This week, Iran’s president, Hassan Rouhani, made his first official trip to Baghdad. Following a meeting with Iraqi Prime Minister Adel Abdul Mahdi, the two leaders announced agreements to expand trade, establish a rail link between the two countries, and remove travel restrictions. Rouhani also had a high-profile meeting with Grand Ayatollah Ali Sistani, the most revered religious authority in Iraq. USIP’s Sarhang Hamasaeed examines the implications for the complicated Iran-Iraq relationship.
What does Rouhani’s first visit to Iraq as Iran’s president mean for relations between the two countries?
Views on the relationship between the two states differ among both the Iraqi people and expert observers of the country. Some believe that Iran has benefited most in post-2003 Iraq by increasing its political, security, economic, and cultural influence—if not outright capturing the state. The visit of President Rouhani, likewise, could be seen as a continuation of Iranian inroads.
Those advances were made through consolidating political, security, and economic gains after U.S. troops withdrew in 2011; the proliferation of Iranian-backed Popular Mobilization Forces (PMF), who secured the second-highest number of seats in the Iraqi Council of Representatives; and the military defeat of the Islamic State (ISIS).
Others acknowledge Iranian advances but believe the picture is not so bleak and that a more balanced relationship is possible. In that view, the visit by Rouhani, Foreign Minister Zarif and other government officials before him, may provide opportunities for more state-to-state dialogue and negotiations through diplomatic and other specialized channels.
It’s true that the balance of power is tilted toward Iran and not easy for Iraq to change. But it’s also a fact that Iran needs Iraq more than ever due to U.S. sanctions and Iran’s internal economic situation. Iraq is gaining more leverage through increased engagement with other Arab countries, a point that Rouhani shrewdly recognized by referring to Iraq as an “Arab state.”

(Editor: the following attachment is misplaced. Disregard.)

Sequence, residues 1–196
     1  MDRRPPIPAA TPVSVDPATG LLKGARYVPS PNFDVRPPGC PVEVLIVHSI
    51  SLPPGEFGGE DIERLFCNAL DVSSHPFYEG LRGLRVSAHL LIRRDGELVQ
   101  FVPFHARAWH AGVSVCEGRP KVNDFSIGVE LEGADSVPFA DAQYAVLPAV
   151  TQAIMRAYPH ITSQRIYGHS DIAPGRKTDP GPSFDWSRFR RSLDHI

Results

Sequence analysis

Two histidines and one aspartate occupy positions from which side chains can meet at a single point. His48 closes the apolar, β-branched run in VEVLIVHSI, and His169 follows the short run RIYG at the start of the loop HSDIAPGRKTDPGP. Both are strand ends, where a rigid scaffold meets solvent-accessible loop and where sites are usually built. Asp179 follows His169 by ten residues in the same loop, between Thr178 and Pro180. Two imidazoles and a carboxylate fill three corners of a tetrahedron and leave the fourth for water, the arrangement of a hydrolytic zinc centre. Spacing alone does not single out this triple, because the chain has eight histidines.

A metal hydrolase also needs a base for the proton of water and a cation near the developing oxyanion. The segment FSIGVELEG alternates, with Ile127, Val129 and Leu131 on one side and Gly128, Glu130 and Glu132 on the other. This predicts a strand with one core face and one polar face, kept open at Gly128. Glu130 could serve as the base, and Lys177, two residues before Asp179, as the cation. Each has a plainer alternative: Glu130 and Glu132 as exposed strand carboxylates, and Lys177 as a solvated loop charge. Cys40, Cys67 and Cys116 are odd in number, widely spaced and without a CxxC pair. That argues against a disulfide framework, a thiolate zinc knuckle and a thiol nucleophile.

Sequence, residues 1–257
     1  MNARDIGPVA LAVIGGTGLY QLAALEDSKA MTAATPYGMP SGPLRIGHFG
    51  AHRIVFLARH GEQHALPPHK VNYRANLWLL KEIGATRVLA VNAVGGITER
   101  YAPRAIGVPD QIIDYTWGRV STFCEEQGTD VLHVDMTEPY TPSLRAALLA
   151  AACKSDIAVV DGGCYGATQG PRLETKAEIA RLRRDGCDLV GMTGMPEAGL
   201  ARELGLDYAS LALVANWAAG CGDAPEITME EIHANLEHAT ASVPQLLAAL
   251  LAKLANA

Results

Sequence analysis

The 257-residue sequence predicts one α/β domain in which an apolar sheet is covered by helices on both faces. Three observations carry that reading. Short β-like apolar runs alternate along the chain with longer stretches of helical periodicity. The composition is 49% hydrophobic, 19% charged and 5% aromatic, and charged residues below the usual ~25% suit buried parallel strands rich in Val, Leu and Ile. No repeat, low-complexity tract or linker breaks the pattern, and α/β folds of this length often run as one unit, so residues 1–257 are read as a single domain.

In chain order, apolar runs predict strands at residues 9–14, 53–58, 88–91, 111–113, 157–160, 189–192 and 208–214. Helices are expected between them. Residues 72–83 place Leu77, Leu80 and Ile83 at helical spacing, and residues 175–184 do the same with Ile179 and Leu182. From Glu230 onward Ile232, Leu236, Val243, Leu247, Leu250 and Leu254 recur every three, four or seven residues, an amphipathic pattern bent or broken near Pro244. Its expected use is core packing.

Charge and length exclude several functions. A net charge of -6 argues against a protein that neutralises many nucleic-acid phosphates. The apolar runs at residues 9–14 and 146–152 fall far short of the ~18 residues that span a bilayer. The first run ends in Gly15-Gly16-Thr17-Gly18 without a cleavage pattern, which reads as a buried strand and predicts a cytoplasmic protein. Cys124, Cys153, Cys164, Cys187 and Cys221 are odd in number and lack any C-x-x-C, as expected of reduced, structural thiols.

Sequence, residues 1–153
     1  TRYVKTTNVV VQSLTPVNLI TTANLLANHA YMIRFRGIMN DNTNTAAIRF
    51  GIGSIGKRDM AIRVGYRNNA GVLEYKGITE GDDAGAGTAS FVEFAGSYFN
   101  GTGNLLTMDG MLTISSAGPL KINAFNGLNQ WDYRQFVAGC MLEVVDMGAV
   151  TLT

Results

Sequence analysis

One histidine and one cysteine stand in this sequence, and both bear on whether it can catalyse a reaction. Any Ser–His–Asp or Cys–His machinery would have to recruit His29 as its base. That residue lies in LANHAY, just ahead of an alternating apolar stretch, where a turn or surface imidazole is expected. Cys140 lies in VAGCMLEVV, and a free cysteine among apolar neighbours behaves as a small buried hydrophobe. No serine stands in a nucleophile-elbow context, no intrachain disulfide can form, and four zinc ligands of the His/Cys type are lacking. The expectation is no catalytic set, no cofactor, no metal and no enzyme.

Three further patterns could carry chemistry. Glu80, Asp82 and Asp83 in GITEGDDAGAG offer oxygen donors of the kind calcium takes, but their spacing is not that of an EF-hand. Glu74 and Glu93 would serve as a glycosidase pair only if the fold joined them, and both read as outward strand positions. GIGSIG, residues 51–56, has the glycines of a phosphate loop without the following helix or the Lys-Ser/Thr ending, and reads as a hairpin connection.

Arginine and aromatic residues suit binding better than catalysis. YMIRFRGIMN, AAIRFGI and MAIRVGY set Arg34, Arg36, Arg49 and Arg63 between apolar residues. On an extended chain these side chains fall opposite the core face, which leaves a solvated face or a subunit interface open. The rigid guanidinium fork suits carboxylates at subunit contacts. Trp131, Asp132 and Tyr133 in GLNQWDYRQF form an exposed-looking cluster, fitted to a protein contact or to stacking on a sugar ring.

Iraq has relied on Iranian paramilitary support in the fight against the Islamic State. With the military defeat of ISIS, how will Iranian support for these groups change?
As the military campaign ends, the groups backed by Iran arguably do not need its logistical support as before. These groups—part of the PMF—are without doubt very powerful in their own right. But they continue to need Iran’s political and organizational help. They also need Iran to cajole them to stay focused on a common purpose, and possibly to help resolve disputes within the PMF among its factions.
Iraqi leaders and international observers discuss ideas for disarming, demobilizing, and reintegrating the PMF, but their thoughts often lag behind reality. The reasons for the rise of the PMF continue to exist. For the foreseeable future, the more realistic question is how to reduce the need for the use of the PMF and improve their discipline and accountability to the state and the people.